Updated: Apr 19
The Board’s Eye View review team includes several word game enthusiasts so we’re always excited to try a new word game, especially if it has the promise of a novel twist. The twist in Christian Giove’s design is that Artipia’s WordCraft combines a word game with scoring that uses an area control mechanic. The game also incorporates a pasted-on theme about potions and ingredients: this explains the background artwork from Kuo Yang but it is entirely irrelevant to the gameplay.
There is a card for each of the 26 letters of the alphabet (albeit that Q counts also as Qu). These each have a points value and they are divided into colour-coded groups. Shuffling the letter cards for each group, you lay out two cards from J, K, Q, V, X, Z (each worth 6 points); two cards from B, F, G, P, W, Y (each worth 5 points); three from C, D, L, M, U (each worth 4 points); three from H, N, R, S, T (each worth 3 points); and two from A, E, I, O (each worth 2 points). The 2–4 players each initially have 18 cubes and, on your turn you make a word of any length using any of the letters in the display. You then place a cube out on each letter you’ve used in the word; and if you use a letter more than once, you place the corresponding number of cubes on that letter.
In addition, there will be four ‘achievement’ cards available. These let you claim bonus points for words above a certain length or, for example, a word that starts and ends with a letter of the indicated colour. If your word meets the criteria for any of these, you can place a cube on that card too.
The game is played over three rounds, and a round ends when any player is left with two or fewer cubes. That player scores a 2-point bonus and all other players get one last turn. The letter cards are then scored, with the player who has the most cubes on a letter scoring its points value. Letter cards are shuffled and replaced each round and the achievement cards are scored only at the end of the third round.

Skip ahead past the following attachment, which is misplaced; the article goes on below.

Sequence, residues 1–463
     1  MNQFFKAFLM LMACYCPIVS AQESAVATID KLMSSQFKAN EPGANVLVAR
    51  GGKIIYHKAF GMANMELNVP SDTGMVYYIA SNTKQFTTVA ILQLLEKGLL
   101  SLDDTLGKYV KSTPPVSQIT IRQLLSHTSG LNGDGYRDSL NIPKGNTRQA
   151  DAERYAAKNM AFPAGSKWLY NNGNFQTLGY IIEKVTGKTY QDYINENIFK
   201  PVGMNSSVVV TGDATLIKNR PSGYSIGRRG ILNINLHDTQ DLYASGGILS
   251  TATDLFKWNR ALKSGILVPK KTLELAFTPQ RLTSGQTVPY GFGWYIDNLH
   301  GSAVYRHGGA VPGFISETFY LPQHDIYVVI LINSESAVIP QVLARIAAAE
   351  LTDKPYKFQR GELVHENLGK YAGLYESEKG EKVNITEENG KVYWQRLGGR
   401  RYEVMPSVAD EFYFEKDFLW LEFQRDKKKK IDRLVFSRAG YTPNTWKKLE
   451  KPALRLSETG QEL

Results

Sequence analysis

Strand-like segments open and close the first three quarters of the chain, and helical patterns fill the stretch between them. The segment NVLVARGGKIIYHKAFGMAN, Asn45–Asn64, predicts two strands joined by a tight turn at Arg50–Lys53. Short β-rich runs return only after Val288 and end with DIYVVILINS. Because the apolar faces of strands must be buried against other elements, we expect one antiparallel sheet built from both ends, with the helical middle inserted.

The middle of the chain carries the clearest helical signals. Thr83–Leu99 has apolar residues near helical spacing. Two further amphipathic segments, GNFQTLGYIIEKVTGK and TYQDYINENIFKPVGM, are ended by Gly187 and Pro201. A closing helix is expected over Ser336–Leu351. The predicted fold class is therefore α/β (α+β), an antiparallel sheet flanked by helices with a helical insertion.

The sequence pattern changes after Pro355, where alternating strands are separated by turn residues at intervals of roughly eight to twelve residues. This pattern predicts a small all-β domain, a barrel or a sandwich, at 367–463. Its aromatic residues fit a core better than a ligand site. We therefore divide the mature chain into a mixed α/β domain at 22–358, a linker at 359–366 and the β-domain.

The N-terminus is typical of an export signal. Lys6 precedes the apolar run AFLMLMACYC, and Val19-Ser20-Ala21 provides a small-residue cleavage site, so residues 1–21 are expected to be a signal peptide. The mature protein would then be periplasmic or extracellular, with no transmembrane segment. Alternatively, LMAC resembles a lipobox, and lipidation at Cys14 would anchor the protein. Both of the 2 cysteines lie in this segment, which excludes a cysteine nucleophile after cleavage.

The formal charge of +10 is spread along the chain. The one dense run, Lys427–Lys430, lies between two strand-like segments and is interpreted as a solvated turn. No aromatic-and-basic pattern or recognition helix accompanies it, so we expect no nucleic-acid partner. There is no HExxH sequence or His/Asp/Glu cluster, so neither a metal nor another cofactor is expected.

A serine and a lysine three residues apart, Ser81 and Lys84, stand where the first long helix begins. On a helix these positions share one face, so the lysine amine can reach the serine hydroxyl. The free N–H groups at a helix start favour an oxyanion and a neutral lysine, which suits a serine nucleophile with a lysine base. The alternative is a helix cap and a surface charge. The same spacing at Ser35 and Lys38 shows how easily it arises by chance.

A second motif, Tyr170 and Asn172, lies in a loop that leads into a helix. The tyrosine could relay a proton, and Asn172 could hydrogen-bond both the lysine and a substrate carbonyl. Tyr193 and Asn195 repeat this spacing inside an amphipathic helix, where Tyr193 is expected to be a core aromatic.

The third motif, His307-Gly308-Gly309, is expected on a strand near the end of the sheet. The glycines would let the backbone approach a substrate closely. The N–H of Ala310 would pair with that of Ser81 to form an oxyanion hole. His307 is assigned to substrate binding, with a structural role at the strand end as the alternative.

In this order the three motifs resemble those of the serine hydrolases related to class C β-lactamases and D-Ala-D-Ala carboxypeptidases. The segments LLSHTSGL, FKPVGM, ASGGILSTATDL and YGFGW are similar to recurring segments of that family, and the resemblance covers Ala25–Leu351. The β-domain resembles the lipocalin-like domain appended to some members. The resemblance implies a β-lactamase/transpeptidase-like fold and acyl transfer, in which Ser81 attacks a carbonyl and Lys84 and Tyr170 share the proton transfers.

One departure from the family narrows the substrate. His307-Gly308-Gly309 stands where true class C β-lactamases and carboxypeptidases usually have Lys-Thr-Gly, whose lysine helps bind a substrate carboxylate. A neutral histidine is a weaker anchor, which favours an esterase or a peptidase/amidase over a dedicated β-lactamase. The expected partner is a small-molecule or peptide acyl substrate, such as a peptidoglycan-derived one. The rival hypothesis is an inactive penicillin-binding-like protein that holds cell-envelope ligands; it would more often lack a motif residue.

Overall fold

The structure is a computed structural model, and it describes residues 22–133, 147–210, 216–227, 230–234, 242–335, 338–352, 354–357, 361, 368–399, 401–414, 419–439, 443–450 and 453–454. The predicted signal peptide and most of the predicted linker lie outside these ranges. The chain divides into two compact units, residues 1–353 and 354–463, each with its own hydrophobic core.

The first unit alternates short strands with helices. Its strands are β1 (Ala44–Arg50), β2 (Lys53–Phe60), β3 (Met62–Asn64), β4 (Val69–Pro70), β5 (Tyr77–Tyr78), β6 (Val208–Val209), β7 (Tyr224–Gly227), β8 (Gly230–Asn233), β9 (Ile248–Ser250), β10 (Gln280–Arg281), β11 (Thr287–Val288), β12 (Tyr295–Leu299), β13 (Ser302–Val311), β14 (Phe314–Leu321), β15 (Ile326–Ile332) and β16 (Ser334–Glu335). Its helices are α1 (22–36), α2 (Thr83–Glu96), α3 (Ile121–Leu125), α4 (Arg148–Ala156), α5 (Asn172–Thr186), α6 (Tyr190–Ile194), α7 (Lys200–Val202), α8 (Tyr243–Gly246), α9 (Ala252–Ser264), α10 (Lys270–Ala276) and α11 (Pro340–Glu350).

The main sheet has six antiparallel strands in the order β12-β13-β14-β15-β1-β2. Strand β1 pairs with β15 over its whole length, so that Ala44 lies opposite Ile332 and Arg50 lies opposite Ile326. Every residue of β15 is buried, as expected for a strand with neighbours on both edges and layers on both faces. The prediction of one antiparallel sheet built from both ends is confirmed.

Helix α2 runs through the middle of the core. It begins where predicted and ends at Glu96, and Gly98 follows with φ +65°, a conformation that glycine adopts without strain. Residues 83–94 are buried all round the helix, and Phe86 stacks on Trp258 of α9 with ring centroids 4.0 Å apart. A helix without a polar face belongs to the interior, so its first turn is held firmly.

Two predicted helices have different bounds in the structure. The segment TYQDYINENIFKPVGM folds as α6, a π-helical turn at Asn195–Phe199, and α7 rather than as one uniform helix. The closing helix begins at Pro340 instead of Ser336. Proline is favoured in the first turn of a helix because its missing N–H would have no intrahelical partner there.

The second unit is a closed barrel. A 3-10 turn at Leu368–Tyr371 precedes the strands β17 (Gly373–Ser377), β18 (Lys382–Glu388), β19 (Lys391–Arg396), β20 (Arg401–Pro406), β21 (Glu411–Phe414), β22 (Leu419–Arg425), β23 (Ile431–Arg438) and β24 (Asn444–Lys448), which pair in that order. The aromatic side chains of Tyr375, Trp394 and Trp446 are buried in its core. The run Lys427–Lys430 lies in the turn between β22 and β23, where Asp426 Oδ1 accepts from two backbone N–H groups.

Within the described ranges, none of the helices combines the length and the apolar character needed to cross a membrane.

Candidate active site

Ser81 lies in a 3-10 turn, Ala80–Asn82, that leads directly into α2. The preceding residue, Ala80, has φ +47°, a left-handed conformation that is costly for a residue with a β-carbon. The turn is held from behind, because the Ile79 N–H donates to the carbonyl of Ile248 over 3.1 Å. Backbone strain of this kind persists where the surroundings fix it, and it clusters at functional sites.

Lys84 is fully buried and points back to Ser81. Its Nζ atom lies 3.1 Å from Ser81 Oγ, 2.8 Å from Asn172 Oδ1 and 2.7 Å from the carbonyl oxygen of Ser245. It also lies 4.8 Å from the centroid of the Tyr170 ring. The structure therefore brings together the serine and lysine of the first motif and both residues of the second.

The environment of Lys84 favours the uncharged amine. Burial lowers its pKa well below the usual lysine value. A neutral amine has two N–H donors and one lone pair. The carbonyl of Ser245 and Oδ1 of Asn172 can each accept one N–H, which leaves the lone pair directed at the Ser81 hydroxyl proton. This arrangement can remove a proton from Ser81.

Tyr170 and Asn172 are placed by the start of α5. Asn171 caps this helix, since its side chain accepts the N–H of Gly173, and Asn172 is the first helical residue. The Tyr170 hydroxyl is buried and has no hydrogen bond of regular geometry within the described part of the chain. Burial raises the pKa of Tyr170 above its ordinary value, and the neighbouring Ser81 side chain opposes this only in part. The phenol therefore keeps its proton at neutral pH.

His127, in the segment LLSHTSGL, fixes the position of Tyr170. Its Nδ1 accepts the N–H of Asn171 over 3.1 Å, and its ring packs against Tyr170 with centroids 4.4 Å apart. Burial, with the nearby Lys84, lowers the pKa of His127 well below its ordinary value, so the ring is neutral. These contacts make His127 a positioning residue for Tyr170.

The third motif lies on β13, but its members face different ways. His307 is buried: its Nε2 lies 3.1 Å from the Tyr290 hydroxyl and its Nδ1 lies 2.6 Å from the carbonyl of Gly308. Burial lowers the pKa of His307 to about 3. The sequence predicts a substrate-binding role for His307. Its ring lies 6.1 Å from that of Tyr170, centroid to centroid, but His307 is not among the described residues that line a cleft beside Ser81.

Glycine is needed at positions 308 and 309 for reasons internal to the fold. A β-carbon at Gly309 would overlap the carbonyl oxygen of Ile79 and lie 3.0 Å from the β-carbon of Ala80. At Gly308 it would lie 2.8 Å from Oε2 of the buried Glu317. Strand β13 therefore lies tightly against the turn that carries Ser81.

This all makes for an intuitively easy to play word game where the area control scoring means canny players will want to focus on using particular letters rather than necessarily going for the longest or most elaborate word. Tho’ you get a 2-point bonus from ending a round, there’s often more advantage to being the last player as that position can make it easier to snatch an area control victory for a letter.
WordCraft plays quickly and it’s a game that’s quickly earned its place in our go-to repertoire of games to play both with seasoned gamers and with non-gamers whose board game experience hasn’t previously wandered beyond Scrabble (Hasbro). We don’t usually bemoan the lack of a scorepad but you should note that the game doesn’t come with one so you’ll need a pen and paper to keep score for each round.